<br>The tournament is held in memory of her grandfather Dharma Kesari Solar K.S. Subramaniya Iyer, termed by the city’s older chess players as the "Father of Madras Chess".
If Madras, which is now Chennai, is the cradle of Indian chess, a good amount of the credit should go to the Solar House or Solar Chess Club that was located on the South Mada Street in the Mylapore locality.
It was from the Solar Chess Club or Solar House that many chess players emerged in the 1970s who later strengthened the foundation for the game’s growth in the city with the formation of Mikhail Tal Chess Club.
Musing about the challenges she faced over the past 28 years in holding the chess tournament, Ramani said during the eighth edition of the tournament, Tamil Nadu Chess Association officials had tried to put a spanner in the event by threatening banning the young boys and girls participating in the event.
"The officials threatened us saying that the tournament is unauthorised, though there was no legal ban on anyone from holding a chess tournament," Ramani said.
"The association even pasted notice on the compound wall of the Padma Seshadri School to the effect that the tournament is unauthorised. We approached the courts and got a caveat order and conducted the tournament," International Chess Arbiter V.Kameswaran told Ajit Weekly News.
Interestingly Kameswaran was the chess arbiter for all the chess tournaments held by the Solar Chess Club.
"After that, the association officials didn’t threaten or trouble us," Ramani said.
The All India Chess Federation (AICF) and its various state affiliates used to ban chess players who had played in tournaments organised by others who did not pay the recognition fee to them.
The AICF also got the International Chess Federation or FIDE to revoke the hard earned Elo rating of such players.
But who was this Iyer, termed the Father of Madras Chess?
Born in Madurai, Iyer took to business at a very young age owing to the family’s economic conditions. Later, he came to Madras and prospered in a paper business and diversified into printing.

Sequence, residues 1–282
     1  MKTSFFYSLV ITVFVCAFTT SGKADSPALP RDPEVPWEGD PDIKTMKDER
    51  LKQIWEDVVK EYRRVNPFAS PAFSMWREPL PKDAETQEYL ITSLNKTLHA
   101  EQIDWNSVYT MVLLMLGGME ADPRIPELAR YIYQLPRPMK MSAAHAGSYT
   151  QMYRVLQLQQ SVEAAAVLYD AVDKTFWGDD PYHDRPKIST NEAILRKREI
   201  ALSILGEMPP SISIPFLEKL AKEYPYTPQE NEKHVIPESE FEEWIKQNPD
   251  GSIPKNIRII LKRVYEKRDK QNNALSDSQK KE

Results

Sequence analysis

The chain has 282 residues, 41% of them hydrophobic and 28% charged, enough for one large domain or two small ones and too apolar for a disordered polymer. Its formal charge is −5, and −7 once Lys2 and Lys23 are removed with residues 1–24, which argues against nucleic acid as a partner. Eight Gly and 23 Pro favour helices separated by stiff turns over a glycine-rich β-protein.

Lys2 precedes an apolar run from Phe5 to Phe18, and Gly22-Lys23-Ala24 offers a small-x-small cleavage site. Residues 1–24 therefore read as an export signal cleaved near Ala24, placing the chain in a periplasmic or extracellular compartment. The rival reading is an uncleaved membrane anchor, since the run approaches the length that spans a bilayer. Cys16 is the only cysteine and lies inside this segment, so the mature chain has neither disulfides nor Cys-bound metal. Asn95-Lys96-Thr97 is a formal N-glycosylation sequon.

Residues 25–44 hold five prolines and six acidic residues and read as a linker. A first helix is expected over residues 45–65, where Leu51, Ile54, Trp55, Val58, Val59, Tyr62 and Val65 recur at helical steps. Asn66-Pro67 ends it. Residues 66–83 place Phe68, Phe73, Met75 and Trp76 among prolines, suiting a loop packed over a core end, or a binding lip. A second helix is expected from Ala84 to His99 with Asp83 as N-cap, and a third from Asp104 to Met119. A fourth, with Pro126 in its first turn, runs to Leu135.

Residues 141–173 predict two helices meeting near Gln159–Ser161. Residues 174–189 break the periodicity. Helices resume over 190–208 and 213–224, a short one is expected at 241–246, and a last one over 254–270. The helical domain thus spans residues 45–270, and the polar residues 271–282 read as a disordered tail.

The Solar House and the printing press owned by Iyer were the hub of chess activity in the bygone era.
Iyer learnt chess when he was in late twenties and got very much interested in that. He was also a good footballer and had joined the city police force and later quit as he was asked to cut his tuft.
"His printing press had space and people used to play chess there. I too saw some people playing chess and joined them. Thus began my long association with Solar House and the Solar Chess Club. Later the playing venue shifted to his house that was nearby," Kameswaran mused.
At times, the players drew the squares on the floor and played.
Soon notable players of the 1960s and 1970s started emerging from the Solar House like A.Sundaram, Ravikumar, R.Vijayaraghavan, R.Raghunathan, Kameswaran and others.
Interestingly two chess champions too emerged out of Iyer’s family – Ramesh, a national junior champion and Suresh, a national level player.
A philanthropist, Iyer helped several poor girls get married and others which got him the honorific Dharma Kesari.
Iyer passed away in 1985 and his house later became a residential apartment from where his granddaughter continues to keep the chess flag flying.
Ramani said Iyer’s grandsons are doing well in life and with their contribution, she is able to hold the chess tournaments all these years.
She said that for a couple years TCS contributed a good sum and there are a couple of individuals like P.B. Ramanujam, P.B. Balaji, Mrs and Mr Gopalan who have been donating money for the tournaments.
(Venkatachari Jagannathan can be reached at [email protected])
–Ajit Weekly News<br>vj/vd
News Credits – I A N S